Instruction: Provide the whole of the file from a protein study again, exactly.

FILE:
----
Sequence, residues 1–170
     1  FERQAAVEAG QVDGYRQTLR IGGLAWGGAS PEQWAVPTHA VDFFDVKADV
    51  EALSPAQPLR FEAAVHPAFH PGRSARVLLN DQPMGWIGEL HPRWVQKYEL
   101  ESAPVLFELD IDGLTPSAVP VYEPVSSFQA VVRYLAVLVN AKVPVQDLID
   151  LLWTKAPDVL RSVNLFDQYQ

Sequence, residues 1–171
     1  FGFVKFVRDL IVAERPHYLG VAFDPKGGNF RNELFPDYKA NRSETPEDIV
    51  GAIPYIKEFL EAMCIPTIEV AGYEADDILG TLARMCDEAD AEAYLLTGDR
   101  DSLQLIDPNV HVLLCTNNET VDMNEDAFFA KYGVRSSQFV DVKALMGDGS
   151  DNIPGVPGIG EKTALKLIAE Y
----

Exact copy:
Sequence, residues 1–170
     1  FERQAAVEAG QVDGYRQTLR IGGLAWGGAS PEQWAVPTHA VDFFDVKADV
    51  EALSPAQPLR FEAAVHPAFH PGRSARVLLN DQPMGWIGEL HPRWVQKYEL
   101  ESAPVLFELD IDGLTPSAVP VYEPVSSFQA VVRYLAVLVN AKVPVQDLID
   151  LLWTKAPDVL RSVNLFDQYQ

Sequence, residues 1–171
     1  FGFVKFVRDL IVAERPHYLG VAFDPKGGNF RNELFPDYKA NRSETPEDIV
    51  GAIPYIKEFL EAMCIPTIEV AGYEADDILG TLARMCDEAD AEAYLLTGDR
   101  DSLQLIDPNV HVLLCTNNET VDMNEDAFFA KYGVRSSQFV DVKALMGDGS
   151  DNIPGVPGIG EKTALKLIAE Y